Haglund's Deformity

Back of two feet and ankles with a highlighted red area over the Achilles tendinopathy showing pain

The back of the heel is not an area we look at too often, so we often see many patients with a bump at the back of their heel who are unsure how long it has been there, what has caused it, or even if it’s something they’ve had their whole life. Regardless of how long it has been present, having a bump at the back of the heel can be worrying, and make it difficult to fit shoes comfortably.

What Is A Haglund's Deformity Or "Pump Bump"?

A Haglund’s deformity is a bony enlargement (bump) that develops right at the back of the calcaneus - your heel bone. These bumps can vary in size, and are both palpable and noticeable when looking. While the term ‘Haglund’s deformity’ was given because the condition was first discovered by Patrick Haglund, the term pump bump was coined because of the pump-style shoes with firm straps that tend to rub against the back of the heel, and contribute to painful symptoms.

Symptoms: How To Know If You Have A Haglund's Deformity

Interestingly, the bony enlargement itself is actually asymptomatic and painless. When symptoms present, it is actually coming from the surrounding structures, such as the Achilles tendon or the bursa at the back of the heel, which can become irritated from the way the presence of the bump causes them to be used, or from shoe straps rubbing against them. As such, you may experience:

  • Pain at the back of the heel
  • Inflammation
  • Redness and warmth over the bony bump
  • Callus may form over the bony bump with repeated rubbing and friction
  • Pain from exercise, particularly where the Achilles tendon is engaged
  • Pain when walking after rest
  • Limping during walking

What Causes A Haglund's Deformity?

The condition is still poorly understood by researchers, without a clear aetiology or understanding as to why the particular bony section of the back of the heel where the Achilles tendon inserts becomes enlarged. While it is often considered idiopathic (meaning that it can occur spontaneously), what is known is that the bump can cause the surrounding tissues to become irritated from rubbing against footwear, which is why we can suddenly develop symptoms when switching to a new pair of shoes. It is thought that this repetitive rubbing at the back of the heel may play a big role, too.

Risk Factors

Several risk factors have been suggested to play a role in the development of a pump bump, including:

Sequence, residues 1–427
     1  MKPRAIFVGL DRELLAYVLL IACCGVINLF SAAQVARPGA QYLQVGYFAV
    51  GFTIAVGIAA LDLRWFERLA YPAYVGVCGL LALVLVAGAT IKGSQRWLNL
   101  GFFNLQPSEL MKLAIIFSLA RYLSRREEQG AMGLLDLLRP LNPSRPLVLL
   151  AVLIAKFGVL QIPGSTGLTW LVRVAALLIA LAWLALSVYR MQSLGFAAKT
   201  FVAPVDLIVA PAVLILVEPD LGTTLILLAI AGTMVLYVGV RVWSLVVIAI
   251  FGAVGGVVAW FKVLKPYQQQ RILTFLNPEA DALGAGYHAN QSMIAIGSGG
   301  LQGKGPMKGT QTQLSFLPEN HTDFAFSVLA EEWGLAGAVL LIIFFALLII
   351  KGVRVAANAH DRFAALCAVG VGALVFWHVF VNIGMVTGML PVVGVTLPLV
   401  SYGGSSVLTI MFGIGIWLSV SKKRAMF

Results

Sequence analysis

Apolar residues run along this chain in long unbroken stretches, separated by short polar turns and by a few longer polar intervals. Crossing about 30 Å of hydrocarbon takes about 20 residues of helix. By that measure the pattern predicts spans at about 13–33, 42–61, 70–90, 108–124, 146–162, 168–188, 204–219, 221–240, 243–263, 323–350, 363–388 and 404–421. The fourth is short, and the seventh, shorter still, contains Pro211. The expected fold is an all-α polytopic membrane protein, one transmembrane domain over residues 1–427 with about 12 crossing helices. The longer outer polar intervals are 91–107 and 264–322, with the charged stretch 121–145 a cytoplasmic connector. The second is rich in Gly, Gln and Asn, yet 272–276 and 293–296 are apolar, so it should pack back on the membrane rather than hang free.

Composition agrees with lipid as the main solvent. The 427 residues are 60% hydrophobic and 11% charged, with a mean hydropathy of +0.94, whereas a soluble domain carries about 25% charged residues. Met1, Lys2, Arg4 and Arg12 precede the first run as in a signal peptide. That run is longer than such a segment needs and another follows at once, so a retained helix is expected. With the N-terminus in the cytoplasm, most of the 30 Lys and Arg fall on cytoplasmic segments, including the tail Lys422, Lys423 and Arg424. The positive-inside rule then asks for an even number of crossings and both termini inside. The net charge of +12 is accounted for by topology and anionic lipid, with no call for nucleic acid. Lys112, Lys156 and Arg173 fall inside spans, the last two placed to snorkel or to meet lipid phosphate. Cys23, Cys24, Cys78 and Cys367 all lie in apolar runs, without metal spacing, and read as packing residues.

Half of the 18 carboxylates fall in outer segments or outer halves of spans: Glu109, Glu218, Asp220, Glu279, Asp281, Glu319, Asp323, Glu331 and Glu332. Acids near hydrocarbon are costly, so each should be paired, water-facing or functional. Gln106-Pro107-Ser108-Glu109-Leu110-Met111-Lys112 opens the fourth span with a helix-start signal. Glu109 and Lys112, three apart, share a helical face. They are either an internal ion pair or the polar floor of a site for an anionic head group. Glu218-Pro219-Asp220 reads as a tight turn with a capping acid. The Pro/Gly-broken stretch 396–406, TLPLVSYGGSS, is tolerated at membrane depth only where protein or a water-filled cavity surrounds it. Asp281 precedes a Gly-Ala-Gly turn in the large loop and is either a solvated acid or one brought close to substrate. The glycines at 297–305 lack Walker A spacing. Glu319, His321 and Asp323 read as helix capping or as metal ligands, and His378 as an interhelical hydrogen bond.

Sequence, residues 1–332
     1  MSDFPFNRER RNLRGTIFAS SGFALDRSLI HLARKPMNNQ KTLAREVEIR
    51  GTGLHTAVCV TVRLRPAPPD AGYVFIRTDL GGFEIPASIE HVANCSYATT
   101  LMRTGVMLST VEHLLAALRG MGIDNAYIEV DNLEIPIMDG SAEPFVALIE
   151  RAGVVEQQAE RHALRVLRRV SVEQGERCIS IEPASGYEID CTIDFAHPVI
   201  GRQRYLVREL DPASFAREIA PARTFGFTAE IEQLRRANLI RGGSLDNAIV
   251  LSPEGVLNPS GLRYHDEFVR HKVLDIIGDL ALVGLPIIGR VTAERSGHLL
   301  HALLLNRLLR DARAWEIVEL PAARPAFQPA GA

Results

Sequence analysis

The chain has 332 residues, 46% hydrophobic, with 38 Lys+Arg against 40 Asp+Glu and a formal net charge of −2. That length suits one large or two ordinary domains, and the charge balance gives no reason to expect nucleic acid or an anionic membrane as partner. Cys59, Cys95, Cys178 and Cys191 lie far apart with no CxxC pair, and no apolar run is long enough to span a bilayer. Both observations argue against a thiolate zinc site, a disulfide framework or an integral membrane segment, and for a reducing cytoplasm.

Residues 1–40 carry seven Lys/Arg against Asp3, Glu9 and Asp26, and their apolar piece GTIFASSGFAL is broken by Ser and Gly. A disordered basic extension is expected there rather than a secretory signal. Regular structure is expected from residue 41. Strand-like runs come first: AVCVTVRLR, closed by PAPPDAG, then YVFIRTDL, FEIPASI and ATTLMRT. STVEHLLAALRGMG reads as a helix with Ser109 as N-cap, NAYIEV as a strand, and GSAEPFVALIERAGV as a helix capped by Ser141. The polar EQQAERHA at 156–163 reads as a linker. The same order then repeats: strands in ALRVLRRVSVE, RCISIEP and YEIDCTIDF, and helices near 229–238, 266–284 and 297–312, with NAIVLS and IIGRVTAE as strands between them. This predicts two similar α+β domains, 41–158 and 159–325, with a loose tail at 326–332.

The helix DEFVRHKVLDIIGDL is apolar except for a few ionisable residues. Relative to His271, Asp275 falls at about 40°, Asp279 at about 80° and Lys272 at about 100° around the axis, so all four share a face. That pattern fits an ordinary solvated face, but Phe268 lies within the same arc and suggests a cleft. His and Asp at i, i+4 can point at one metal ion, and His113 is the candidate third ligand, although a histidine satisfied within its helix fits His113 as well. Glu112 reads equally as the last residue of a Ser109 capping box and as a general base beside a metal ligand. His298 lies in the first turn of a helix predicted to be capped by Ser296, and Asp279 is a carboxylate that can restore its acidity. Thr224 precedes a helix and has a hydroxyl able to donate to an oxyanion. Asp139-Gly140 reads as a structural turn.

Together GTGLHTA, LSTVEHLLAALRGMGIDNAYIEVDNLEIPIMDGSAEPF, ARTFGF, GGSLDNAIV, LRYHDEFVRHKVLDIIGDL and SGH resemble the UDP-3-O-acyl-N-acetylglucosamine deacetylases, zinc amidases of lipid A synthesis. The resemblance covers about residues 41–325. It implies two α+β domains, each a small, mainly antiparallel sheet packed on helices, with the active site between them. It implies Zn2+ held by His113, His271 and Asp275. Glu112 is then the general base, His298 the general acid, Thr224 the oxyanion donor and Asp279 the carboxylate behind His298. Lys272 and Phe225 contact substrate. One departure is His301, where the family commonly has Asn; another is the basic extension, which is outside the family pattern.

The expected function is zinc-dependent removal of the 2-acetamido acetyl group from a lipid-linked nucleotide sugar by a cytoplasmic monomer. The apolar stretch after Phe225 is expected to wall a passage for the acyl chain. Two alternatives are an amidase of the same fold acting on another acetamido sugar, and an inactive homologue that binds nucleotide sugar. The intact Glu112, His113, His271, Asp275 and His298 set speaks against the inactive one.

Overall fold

• Over-practice in runners, which means that the Achilles tendon is repetitively rubbing against the back of the heel
  • Tight or poorly fitting shoes, which rub against the back of the heel
  • Altered biomechanics of foot joints because of the improper alignment of a joint close to the ankle called the subtalar joint 


A Haglund’s deformity can be confidently diagnosed by our podiatrists from a clinical examination, and your history. Medical imaging may be used to provide further clues about the cause of the pain - whether that is from an inflamed bursa, damage to the Achilles tendon at its insertion, or something else. Your podiatrist will thoroughly examine your heels, going beyond noting the presence of the deformity to uncovering what is causing your painful symptoms, to best guide your treatment and recovery.

Treatment For A Haglund's Deformity

Treating a Haglund’s deformity really means treating the damaged tissues at the back of the heel in order to relieve symptoms, and then preventing them from recurring. Your podiatrist will discuss the best treatment options for you following your assessment, which may involve:

  • Using ice and anti-inflammatories to help relieve your painful symptoms at home
  • Using temporary heel lifts to reduce the strain on the tissues at the back of your heel, thereby reducing pain
  • Avoiding footwear that is tight and rubs against the back of the heel, helping to prevent your symptoms from worsening
  • Making shoe modifications to your existing footwear, a unique treatment option that our Brisbane and Newmarket clinics can offer directly
  • Using custom foot orthotics to help permanently reduce excess tension on the back of the heel by addressing identified biomechanical factors, and potentially having a slight in-built heel raise if indicated
  • An exercise program to stretch tight muscles like the Achilles tendon
  • ASA Laser, a safe and painless low-level laser that radiates specific wavelengths of light to reduce inflammation, support faster cell repair, and offer faster pain relief

Once the pain has gone, your podiatrist will then work with you to help set you up for success in the future and prevent your symptoms from returning. This includes educating you on the how’s, what’s and why’s of having a pump bump, so you know exactly what you should be doing and avoiding, including the best shoes for your feet. As experts in foot health, working with a podiatrist means that you stay supported every step along the way, to help you get the best outcomes for your foot health.


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